It amounted to a total of approximately 330 miles of shuttling loads that were half her body weight.
She spent thirty-six days carrying gear and supplies to and from the wall, and 17 days on the route, all without a phone or radio to receive weather forcasts or call for help. She didn’t even have a complete map of the area.
“The orientation, the circumstances and the faith helped to find the path of the approach,” she said. “In June, the little path that climbs the valley is barely visible, and you constantly get lost. In August, the trail is easy to follow and accessible…. To be alone in bear country where there is nowhere to hide during the 36 days of shuttling loads was a major goal for me. Too scary. I [saw] bears and everything ended well, but I had a bad time, not only during the encounters but the rest of the weeks, until I could transform that fear.”
Une pas mes has 11 pitches. Three bolts were placed for protection (sans hangers) and 12 for belays, with two “clean” belays.
“It’s granite, sometimes sandy, therefore small copperheads didn’t hold out,” Vidal said. “There are some loose blocks and more face climbing than crack systems. There are expanding flakes and [features] that made the solo ascent more complicated, as the ropes were usually stuck and I had to rap down to remove them. Sometimes a couple of times in a pitch.”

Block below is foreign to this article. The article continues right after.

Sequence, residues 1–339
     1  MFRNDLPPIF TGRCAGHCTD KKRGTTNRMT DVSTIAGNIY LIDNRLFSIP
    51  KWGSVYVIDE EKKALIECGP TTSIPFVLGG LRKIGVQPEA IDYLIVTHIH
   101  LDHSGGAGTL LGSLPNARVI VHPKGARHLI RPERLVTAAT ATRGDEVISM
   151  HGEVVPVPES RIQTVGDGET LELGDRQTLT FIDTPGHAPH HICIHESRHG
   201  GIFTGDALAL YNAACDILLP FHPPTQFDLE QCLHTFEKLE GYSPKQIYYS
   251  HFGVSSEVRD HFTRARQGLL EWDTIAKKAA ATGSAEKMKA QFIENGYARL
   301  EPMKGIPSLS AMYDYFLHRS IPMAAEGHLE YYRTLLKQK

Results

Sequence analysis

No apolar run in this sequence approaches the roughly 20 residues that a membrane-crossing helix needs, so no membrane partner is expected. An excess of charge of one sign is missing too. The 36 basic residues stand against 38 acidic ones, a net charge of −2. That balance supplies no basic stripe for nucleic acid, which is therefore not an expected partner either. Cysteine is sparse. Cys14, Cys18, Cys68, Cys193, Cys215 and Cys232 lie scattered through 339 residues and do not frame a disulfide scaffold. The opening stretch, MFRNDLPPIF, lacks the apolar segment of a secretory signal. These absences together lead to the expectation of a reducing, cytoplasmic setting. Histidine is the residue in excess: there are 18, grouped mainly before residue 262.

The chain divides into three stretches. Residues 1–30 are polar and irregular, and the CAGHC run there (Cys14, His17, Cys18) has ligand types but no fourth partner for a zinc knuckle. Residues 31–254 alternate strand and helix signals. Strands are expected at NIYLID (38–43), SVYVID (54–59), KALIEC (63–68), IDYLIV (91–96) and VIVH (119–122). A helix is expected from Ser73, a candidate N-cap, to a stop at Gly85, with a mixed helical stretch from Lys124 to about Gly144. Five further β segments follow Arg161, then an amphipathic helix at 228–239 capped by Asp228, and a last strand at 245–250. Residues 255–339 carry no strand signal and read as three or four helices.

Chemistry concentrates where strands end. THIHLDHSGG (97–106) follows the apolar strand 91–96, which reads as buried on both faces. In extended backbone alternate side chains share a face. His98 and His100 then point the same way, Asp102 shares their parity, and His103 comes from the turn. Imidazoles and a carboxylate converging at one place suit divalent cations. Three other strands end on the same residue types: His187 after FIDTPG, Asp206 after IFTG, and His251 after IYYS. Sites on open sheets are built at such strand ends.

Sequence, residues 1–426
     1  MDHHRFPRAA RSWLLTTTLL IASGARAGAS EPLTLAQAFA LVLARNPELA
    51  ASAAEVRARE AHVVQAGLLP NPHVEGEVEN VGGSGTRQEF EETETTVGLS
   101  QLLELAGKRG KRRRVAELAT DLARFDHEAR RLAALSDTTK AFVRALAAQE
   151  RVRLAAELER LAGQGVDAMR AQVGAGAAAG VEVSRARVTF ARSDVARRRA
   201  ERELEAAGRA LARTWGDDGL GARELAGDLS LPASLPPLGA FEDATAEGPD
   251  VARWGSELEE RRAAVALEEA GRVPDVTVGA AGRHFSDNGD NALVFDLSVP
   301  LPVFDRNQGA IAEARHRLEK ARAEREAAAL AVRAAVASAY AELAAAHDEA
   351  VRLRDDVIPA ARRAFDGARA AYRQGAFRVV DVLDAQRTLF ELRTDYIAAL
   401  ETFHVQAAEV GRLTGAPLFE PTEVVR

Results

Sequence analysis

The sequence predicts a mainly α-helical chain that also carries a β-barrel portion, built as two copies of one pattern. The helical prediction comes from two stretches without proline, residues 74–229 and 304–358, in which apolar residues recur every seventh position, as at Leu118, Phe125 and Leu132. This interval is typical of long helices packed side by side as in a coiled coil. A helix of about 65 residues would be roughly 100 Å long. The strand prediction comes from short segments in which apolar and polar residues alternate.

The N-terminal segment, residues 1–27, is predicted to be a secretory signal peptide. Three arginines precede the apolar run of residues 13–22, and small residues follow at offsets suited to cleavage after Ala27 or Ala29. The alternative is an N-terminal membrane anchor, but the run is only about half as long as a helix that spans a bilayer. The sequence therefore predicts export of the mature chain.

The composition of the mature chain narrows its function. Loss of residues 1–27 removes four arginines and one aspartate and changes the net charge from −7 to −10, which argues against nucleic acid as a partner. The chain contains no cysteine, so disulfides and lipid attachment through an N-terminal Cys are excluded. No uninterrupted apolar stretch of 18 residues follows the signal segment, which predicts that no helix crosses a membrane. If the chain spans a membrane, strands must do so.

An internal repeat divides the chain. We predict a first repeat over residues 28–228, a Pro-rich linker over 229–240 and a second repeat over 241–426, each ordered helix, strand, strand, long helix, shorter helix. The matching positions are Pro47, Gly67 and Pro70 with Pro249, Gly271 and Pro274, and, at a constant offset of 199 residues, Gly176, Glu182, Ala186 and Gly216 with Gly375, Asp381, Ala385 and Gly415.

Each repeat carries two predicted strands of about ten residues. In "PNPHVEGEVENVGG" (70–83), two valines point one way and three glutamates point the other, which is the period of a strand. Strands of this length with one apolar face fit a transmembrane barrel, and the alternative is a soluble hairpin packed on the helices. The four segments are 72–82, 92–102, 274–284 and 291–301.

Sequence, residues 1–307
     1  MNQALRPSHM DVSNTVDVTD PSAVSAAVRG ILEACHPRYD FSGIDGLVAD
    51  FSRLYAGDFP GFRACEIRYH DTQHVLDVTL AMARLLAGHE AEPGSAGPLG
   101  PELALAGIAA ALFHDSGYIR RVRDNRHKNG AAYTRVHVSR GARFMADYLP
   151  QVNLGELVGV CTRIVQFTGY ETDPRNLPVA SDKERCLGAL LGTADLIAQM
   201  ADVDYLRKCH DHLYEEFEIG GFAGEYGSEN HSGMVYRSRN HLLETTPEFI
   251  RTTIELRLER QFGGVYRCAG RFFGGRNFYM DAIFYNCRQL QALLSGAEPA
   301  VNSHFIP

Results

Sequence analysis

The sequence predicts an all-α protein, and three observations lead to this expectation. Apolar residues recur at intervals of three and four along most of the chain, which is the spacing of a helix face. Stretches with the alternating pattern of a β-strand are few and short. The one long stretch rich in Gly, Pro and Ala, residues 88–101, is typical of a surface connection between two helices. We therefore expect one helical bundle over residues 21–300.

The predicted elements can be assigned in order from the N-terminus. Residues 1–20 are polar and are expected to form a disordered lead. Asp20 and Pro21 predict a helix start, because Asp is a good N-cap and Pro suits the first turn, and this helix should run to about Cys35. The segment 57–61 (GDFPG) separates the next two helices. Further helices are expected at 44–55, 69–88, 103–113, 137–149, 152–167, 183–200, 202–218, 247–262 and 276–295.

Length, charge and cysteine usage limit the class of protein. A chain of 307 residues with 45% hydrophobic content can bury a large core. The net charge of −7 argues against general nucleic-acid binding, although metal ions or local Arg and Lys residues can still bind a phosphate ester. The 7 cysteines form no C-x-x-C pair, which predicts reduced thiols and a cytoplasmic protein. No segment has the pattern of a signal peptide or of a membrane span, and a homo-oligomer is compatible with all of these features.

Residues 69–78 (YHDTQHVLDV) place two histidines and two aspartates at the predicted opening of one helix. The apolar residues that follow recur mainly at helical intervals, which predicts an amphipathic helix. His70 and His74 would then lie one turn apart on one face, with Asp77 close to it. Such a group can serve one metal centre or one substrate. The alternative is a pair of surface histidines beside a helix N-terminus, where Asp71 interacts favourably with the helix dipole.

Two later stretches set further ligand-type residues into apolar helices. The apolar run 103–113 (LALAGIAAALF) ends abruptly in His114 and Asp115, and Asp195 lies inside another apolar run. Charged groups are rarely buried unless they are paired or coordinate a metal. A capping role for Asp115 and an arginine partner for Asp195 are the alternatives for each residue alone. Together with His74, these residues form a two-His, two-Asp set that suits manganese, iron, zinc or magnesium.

Fast and free in a day
Vitaliy Musiyenko, Brian Prince and Adam Ferro arrived August 3, having received a Mugs Stump Award for the trip.
“I’ve been looking at the wall forever,” Prince said. “There’s a photo of it in Colby Coomb’s Alaska climbing guide. It didn’t go exactly as planned because two other parties went in there for it this year! But all good. Instead of purely focusing on the west face, we got to climb a new route on the Albatross. And the route we chose on Xanadu ended up being more suited to alpine style, in-a-day kind of thing. More our style and it was all we had weather for, anyway…. Coldest weather any of us had rock climbed in.”